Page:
Share This Page

Feds to open civil rights investigation of Cleveland police department

| Thursday, March 14, 2013, 8:21 p.m.

The Justice Department said on Thursday it will open a wide-ranging civil rights investigation into the use of force by Cleveland's police department, whose officers fired 137 shots at the end of a huge police chase last fall, killing two likely unarmed people.

Assistant Attorney General Thomas Perez said the investigation will look beyond the November car chase that involved more than 60 patrol cars and ended in the deaths of Timothy Russell, 43, and his 30-year-old passenger, Malissa Williams.

Perez said the probe will not be a criminal investigation; its focus is the entire department, not individual officers. It will analyze several years of excessive force claims as well as police policies, training and procedures, he said.

“We go into this with no preconceived notions,” Perez said at a news conference in Cleveland.

City leaders had asked the federal government to review Cleveland police division policies after the car chase, which raised questions about the conduct of officers. But Perez said there was not one tipping point that led to the wider investigation.

Cleveland Mayor Frank Jackson said he welcomed the expanded investigation.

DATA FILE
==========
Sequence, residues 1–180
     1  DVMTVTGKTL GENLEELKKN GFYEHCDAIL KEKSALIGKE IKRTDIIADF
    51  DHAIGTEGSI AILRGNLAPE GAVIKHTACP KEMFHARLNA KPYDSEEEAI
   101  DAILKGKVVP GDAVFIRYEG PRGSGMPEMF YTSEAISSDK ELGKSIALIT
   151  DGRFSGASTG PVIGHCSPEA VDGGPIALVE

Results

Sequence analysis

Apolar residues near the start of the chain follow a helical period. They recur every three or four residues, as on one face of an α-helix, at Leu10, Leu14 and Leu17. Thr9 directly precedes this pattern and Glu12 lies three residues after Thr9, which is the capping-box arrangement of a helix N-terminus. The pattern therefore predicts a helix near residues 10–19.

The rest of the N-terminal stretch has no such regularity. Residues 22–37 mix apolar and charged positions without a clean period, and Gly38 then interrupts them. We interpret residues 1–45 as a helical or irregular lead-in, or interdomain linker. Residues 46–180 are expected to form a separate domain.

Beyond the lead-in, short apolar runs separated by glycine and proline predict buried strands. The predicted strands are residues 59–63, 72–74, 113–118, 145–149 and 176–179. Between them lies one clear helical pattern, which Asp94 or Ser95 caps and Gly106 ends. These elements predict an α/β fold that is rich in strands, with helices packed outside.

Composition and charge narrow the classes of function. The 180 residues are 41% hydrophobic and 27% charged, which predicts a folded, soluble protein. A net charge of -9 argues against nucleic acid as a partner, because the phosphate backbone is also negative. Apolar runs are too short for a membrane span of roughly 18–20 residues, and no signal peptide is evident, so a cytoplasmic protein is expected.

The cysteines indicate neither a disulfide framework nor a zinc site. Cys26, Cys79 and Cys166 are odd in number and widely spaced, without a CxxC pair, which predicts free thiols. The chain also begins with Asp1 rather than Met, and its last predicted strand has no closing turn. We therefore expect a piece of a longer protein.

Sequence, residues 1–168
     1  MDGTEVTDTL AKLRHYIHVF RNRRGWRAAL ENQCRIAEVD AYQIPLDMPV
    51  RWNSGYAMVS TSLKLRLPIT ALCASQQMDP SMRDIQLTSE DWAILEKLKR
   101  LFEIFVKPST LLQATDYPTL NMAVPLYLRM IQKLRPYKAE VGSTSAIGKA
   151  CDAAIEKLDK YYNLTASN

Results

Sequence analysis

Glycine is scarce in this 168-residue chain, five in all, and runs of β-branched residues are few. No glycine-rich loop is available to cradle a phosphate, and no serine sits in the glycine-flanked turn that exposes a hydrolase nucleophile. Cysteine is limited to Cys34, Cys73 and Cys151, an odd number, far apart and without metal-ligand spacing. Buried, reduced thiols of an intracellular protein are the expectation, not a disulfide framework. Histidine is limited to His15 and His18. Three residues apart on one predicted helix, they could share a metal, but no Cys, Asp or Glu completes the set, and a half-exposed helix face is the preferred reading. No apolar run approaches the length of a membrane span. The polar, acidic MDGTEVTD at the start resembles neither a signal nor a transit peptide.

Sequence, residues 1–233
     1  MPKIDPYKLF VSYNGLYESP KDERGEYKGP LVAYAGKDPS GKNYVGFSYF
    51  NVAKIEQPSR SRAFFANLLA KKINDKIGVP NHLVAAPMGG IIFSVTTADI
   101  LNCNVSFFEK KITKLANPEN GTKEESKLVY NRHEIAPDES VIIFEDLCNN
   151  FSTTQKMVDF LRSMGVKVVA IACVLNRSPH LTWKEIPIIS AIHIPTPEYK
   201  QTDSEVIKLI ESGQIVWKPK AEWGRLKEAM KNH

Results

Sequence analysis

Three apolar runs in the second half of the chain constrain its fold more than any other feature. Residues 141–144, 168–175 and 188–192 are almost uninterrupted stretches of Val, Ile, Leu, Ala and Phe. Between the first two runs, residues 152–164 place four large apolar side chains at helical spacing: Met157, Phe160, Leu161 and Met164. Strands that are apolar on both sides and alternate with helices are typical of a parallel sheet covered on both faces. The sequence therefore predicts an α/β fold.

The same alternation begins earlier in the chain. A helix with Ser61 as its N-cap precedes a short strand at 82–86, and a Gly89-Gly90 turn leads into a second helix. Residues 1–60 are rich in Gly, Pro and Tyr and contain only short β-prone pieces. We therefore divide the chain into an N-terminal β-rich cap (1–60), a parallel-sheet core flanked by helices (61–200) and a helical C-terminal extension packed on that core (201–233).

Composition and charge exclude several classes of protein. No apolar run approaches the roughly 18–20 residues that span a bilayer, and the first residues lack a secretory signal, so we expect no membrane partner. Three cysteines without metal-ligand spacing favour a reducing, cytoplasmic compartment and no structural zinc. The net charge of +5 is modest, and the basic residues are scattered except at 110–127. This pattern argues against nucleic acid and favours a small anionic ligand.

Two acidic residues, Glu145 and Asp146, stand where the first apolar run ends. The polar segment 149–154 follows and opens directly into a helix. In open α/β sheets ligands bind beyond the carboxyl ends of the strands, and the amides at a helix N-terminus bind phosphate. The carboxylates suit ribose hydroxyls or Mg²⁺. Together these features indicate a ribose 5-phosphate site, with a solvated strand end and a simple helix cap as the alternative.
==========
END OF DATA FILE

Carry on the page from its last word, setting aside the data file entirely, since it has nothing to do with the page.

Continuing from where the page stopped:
“It is vital that there is a level of trust between police and the community,” he said.

TribLIVE commenting policy

You are solely responsible for your comments and by using TribLive.com you agree to our Terms of Service.

We moderate comments. Our goal is to provide substantive commentary for a general readership. By screening submissions, we provide a space where readers can share intelligent and informed commentary that enhances the quality of our news and information.

While most comments will be posted if they are on-topic and not abusive, moderating decisions are subjective. We will make them as carefully and consistently as we can. Because of the volume of reader comments, we cannot review individual moderation decisions with readers.

We value thoughtful comments representing a range of views that make their point quickly and politely. We make an effort to protect discussions from repeated comments either by the same reader or different readers

We follow the same standards for taste as the daily newspaper. A few things we won't tolerate: personal attacks, obscenity, vulgarity, profanity (including expletives and letters followed by dashes), commercial promotion, impersonations, incoherence, proselytizing and SHOUTING. Don't include URLs to Web sites.

We do not edit comments. They are either approved or deleted. We reserve the right to edit a comment that is quoted or excerpted in an article. In this case, we may fix spelling and punctuation.

We welcome strong opinions and criticism of our work, but we don't want comments to become bogged down with discussions of our policies and we will moderate accordingly.

We appreciate it when readers and people quoted in articles or blog posts point out errors of fact or emphasis and will investigate all assertions. But these suggestions should be sent via e-mail. To avoid distracting other readers, we won't publish comments that suggest a correction. Instead, corrections will be made in a blog post or in an article.